Rory Stewart explores his love for the UK in this account of history, memory and landscape as he traverses the the borderlands between England and Scotland.
‘This beautifully written book is a haunting reflection of identity and our relationships with the people and places we love’ Daily Mail
His father Brian taught Rory Stewart how to walk, and walked with him on journeys from Iran to Malaysia. Now they have chosen to do their final walk together along ‘the Marches’ – the frontier that divides their two countries, Scotland and England.
On their six-hundred-mile, thirty-day journey – with Rory on foot, and his father ‘ambushing’ him by car – the pair relive Scottish dances, reflect on Burmese honey-bears, and on the loss of human presence in the British landscape.
Travelling across mountain ridges and through housing estates they uncover a forgotten country crushed between England and Scotland: the Middleland. They discover unsettling modern lives, lodged in an ancient place, as their odyssey develops into a history of the British nationhood, a chronicle of contemporary Britain and an exuberant encounter between a father and a son.
And as the journey deepens, and the end approaches, Brian and Rory fight to match, step by step, modern voices, nationalisms and contemporary settlements to the natural beauty of the Marches, and a fierce absorption in tradition in their own unconventional lives.
‘Suggests an open-mindedness in Stewart, a tolerance and flexibility that could make him an exceptional politician while it also continues to define him as a writer’ New York Review of Books
‘Travel writing at its best’ Guardian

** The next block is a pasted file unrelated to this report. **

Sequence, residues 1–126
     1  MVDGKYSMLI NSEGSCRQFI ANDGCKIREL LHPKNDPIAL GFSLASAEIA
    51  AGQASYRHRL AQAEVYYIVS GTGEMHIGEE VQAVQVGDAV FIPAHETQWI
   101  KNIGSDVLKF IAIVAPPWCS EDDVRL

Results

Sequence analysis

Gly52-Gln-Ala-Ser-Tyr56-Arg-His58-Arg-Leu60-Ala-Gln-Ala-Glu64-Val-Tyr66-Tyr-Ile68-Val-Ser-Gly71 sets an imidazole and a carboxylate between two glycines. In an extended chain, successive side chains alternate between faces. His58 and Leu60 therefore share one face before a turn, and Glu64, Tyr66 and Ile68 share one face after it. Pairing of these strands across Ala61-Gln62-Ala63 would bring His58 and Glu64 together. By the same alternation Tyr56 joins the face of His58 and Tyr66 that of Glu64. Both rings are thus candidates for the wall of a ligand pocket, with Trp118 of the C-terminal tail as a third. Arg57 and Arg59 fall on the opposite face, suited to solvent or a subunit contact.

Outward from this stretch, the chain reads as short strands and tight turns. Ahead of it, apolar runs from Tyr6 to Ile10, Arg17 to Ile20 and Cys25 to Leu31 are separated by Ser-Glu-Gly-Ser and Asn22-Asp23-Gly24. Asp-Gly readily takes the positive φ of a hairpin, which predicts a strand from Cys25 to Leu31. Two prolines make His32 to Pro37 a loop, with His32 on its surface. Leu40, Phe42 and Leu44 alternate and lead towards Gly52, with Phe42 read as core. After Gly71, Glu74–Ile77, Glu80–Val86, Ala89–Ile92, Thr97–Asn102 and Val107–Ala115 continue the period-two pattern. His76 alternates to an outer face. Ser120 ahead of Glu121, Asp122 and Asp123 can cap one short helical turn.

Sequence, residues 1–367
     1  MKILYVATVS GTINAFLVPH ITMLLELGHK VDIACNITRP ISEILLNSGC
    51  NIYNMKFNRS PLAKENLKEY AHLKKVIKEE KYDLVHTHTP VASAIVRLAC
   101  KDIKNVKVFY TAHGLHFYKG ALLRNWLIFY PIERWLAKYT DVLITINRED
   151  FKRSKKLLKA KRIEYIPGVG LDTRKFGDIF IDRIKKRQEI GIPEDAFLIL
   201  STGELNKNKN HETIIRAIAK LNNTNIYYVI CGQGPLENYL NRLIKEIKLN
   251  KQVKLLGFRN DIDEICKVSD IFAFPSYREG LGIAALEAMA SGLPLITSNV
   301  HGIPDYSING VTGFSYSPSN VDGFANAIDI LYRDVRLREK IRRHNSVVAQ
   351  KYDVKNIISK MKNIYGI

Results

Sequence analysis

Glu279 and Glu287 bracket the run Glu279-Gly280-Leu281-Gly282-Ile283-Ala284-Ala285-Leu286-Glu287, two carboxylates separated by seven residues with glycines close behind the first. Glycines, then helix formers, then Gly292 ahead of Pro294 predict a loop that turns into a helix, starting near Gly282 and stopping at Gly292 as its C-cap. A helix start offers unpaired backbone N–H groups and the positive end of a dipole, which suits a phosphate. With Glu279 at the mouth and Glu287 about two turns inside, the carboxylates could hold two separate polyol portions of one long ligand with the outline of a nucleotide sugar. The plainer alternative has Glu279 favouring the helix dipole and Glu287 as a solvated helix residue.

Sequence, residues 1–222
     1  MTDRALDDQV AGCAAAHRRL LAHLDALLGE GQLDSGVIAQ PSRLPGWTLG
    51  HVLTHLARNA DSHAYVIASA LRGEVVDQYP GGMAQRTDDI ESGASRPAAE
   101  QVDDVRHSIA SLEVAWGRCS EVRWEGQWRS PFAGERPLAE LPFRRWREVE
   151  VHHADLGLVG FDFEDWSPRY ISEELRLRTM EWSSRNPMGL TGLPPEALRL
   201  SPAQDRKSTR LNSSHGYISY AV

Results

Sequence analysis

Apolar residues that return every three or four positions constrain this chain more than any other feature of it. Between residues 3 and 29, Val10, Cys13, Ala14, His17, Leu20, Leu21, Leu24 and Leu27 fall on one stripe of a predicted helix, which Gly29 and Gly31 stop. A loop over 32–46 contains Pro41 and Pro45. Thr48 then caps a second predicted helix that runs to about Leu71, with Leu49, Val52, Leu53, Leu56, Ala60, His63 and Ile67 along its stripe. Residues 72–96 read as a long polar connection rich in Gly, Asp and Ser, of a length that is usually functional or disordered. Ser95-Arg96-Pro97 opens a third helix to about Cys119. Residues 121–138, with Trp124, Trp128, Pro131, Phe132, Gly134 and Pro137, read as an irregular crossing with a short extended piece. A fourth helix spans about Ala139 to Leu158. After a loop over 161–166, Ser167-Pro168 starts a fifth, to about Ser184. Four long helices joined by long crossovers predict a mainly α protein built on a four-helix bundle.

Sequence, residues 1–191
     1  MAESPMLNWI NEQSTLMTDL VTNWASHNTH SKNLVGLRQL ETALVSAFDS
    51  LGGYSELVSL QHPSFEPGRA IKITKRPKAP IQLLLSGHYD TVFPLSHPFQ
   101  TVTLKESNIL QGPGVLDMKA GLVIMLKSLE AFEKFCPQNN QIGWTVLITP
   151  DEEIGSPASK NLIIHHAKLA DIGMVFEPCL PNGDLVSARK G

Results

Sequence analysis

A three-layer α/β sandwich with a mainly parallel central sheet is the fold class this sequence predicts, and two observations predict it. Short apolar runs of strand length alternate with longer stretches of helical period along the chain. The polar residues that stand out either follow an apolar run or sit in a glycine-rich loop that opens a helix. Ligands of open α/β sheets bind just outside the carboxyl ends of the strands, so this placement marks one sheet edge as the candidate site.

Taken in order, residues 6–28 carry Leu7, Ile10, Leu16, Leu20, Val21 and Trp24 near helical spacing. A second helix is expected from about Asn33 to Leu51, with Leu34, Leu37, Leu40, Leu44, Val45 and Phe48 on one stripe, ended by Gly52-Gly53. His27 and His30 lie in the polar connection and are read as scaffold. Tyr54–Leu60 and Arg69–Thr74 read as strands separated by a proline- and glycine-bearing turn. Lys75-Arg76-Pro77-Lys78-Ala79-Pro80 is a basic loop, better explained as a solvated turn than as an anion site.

One of the most unexpected and enjoyable reads of 2016... The book fizzes erudition and is delightfully leavened by the companionship of his aged and doughty father. * Guardian, Readers' Book of the Year * This is so much more than the story of their journey - it's a superbly written, endlessly fascinating book encompassing history, geology, landscape, family memories, wars experienced and lives well lived. * Choice Magazine * The Marches marks him [Stewart] out not only as a writer but as a political force rooted in geographies so different to London as to shed new light on politics itself... [A] serious politician, social critic, and practical ethnographer at work. As such The Marches is a book for walkers, for those who love the Borders, and for fathers seeking inspiration in their family responsibilities... If this is the polymath as politician, then we need more of them. -- Frances Davis * Conservative Home * Like father, like son, for both come across as hugely talented, hugely driven misfits. -- National [An] elegantly written account. -- Tom Chessyhre * The Times * The delight of it lies in his encounters with the specific rather than in ruminations about the general. He has an alert eye for the awkward detail - the things that don't quite fit with the tone of a scene. It makes him an enjoyable and persuasive writer. -- Ian Jack * Guardian * Stewart's descriptions are moving... This writer refreshes the parts that other writers cannot reach: he has the stamina and interest to investigate the hidden 'glamour' behind regions and peoples with unpromising veneers. -- Mary Killen * Lady * The book is held together by Mr Stewart's writing, with his short chapters moving skilfully from history to personal encounter. -- Andrew Lownie * Wall Street Journal * As a collective portrait of both father and homeland, The Marches is a deeply moving, honest and loving portrait, even if Britain and Brian are seldom what they seem. -- Barnaby Rogerson * Country Life. * [A] substantial and very impressive book... [a] profoundly moving portrait of Stewart's father. -- Philip Marsden * Spectator * The Marches is a memoir full of depth and beguiling humour... His prose is captivating and I hugely admired his dedication in getting to know closely the landscape and people he serves in Parliament. -- Charlotte Runice * Prospect * [Stewart] has a roving, enquiring mind, which makes him on the page...most agreeable company... This roving, discursive book is a delight to read. -- Allan Massie * Literary Review * He is a gift to literature. -- Sarah Sands * Evening Standard * Stewart is the nearest person I have identified in real life to Rudyard Kipling's Kim, the all-seeing, all-knowing man-child of Empire... The heart of the book is about love... He is observant, gently mocking and he writes beautifully. -- Melanie Reid * The Times * This is travel writing at its best. -- Katherine Norbury * Observer * Engaging, intelligent and ultimately moving...in some ways, Rory Stewart resembles a Robert MacFarlane who has chosen geopolitics over metaphysics. * Scotland on Sunday * [A] bewitching book... The entrancing bond between Stewart and his father brings the book alive. -- Tristram Hunt * Sunday Times * Suggests an open-mindedness in Stewart, a tolerance and flexibility that could make him an exceptional politician while it also continues to define him as a writer. -- Andrew Motion * New York Review of Books * Engaging, intelligent, and ultimately moving. -- Stuart Kelly * Scotsman * I thought at first Rory's book was about the French political party, but blow me it is all about our native heath, plus his dad, and is one of the most original books we have had in 33 years of the prize -- Hunter Davies, Lakeland Book of the Year, 2017
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